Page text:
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How To Master The Press-Up

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In This Series

The press-up is probably the most popular bodyweight move in the world. That’s partly because it can be performed anywhere, without the need for much space or any kit. But above all it’s effective, working your chest, core, triceps and shoulders, if you do it right. What’s more, this classic move has a huge number of variations that will work the muscles of your upper body in new and challenging ways to promote new muscle mass growth, improve shoulder stability and mobility, and burn body fat to reveal a more defined torso.

So if you haven’t done a press-up since it was your punishment at school for forgetting your PE kit, it might be time for you to reconsider your opinion on it and factor it back into your training programme. Read on to discover how to perform the perfect press-up and find out how you can use the move more effectively to build your best ever body.

Press-up Form Tips

“The ability to crank out countless press-ups might seem impressive, but if you’re serious about adding upper-body size and strength then quality is far more important than quantity,” says trainer James Stark (opens in new tab). “If you get your press-up form absolutely right, every single rep will help you add size and strength.” Follow these form tips to master the movement and add muscle faster.

Hand width

How Place your hands shoulder-width apart with arms straight and so your shoulders, elbows and wrists line up.

Why This position, with all the joints of your arms aligned, works your muscles without placing excess stress on the joints.

Hand position

How Your fingers should be slightly splayed and pointing forward, with your hands forming right angles with your forearms.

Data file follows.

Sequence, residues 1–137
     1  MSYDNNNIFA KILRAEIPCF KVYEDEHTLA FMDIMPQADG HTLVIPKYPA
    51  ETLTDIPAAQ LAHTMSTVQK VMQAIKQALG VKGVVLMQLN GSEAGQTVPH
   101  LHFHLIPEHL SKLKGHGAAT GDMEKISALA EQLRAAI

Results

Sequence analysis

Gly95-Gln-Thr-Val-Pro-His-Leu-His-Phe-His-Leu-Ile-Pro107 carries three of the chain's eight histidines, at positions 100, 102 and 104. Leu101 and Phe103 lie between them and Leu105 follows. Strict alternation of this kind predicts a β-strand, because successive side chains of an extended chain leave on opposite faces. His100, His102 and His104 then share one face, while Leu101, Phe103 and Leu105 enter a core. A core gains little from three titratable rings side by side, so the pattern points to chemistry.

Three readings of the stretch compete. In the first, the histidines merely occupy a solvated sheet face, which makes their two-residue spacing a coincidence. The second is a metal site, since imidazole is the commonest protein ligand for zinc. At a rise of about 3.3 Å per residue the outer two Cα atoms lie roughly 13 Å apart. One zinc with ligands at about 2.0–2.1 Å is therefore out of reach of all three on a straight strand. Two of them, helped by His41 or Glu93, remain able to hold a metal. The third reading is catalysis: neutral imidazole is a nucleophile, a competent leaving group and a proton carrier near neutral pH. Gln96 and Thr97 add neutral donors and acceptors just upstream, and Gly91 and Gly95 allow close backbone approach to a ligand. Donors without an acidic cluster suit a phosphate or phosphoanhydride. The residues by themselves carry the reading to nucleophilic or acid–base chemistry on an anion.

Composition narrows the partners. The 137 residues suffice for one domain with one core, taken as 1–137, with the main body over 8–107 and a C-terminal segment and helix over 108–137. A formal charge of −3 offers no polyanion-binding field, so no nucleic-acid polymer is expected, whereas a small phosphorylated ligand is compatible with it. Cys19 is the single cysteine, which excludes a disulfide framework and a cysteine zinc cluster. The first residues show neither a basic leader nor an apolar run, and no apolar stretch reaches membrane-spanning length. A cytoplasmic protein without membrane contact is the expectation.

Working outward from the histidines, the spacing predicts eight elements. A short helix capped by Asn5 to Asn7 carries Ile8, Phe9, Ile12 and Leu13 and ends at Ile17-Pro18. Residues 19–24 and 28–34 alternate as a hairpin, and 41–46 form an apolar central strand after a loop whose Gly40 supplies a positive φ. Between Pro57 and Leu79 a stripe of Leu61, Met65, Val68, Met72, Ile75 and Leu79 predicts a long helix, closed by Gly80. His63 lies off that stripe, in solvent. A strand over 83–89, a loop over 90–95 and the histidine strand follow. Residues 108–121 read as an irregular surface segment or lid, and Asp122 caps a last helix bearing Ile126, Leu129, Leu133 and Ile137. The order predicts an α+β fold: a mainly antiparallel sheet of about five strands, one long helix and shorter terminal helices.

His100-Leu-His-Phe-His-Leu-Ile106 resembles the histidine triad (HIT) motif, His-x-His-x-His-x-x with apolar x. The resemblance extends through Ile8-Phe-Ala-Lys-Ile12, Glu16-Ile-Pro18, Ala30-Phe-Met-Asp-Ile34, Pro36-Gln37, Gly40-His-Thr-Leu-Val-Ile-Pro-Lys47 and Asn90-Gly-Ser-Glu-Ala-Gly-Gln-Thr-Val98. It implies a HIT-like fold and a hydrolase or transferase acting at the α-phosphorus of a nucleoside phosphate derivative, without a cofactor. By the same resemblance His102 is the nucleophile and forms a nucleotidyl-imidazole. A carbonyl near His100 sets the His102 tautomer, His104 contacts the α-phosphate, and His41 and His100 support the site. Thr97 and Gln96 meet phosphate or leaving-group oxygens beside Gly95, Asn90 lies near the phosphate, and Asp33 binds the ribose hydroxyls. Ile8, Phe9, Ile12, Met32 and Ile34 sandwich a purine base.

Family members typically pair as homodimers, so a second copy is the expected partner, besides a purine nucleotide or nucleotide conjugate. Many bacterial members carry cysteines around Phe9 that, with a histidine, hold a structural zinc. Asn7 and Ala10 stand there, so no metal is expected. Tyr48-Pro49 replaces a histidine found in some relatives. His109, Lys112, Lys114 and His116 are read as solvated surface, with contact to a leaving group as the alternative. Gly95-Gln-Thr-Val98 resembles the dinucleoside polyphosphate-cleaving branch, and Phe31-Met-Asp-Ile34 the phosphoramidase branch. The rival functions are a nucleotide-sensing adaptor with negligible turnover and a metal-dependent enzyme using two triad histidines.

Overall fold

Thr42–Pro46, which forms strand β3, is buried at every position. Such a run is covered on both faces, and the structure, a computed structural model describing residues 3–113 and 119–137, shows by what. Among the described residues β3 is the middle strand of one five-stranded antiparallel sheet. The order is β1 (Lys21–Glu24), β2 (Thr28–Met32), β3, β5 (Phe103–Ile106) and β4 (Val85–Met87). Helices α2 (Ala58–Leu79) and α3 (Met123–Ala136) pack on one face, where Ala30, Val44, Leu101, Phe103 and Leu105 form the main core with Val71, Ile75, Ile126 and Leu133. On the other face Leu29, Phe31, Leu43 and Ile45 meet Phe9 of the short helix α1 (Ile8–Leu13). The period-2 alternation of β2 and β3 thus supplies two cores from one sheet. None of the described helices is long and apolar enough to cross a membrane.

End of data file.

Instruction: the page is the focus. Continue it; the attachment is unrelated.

Why Maintaining a strong wrist position keeps your arm joints aligned to minimise joint stress and form the most stable set-up.

Elbow movement

How Initiate the move by bending your elbows to lower your chest towards the ground.

Why If you flare your elbows, you’re putting unnecessary stress on your joints. Perform press-ups correctly by keeping your elbows tucked in to your sides as you lower your chest towards the floor.

Ideal hip height

How Your hips should remain in line with your shoulders for the entirety of the set.

Why Holding your hips up keeps your body stable, which allows your muscles to focus on performing high-quality reps rather than on stabilising your torso.

Foot width

How Keep your feet hip-width apart. Placing them farther apart makes it easier and bringing them together makes it harder.

Why The closer together your feet the less stable your body, which means your muscles must work harder each rep.

Depth of reps

How The closer you can get your chest to the floor the better because this makes the working muscles move through a full range of motion.

Why The deeper you can go the more muscle fibres you activate. Keep reps slow to work them harder.

Power up your press-ups

Increase your press-up personal best with these expert endurance tips

0-10: “Start by mastering the movement pattern then doing one rep at a time, pausing at the top, to gradually build upper-body strength,” says trainer James Stark.

11-30: “Once you get into double figures try slowing down the eccentric, or lowering, portion of each press-up to increase the workload on the target muscles,” says Stark. “Then press back up powerfully to hit your fast-twitch muscle fibres.”

31-50: “You’re now into serious press-up territory so you need to keep the working muscles out of their comfort zone to keep getting stronger,” says Stark. “Try one- or two-second pauses at the bottom to expose them to even more tension.”

50+: “If upper-body size and strength is your goal then you need to make the move harder to keep progressing,” says Stark. “Raise your feet above your hands to up the resistance, or try clap press-ups, which require explosive power.”

NEXT: The Best Press-Up Variations

Joe Warner
Joe Warner

Joe Warner worked for Men’s Fitness UK, which predated, and then shared a website with, Coach, from 2008 to 2013, then returned as editor of Men’s Fitness UK from 2016 to 2019.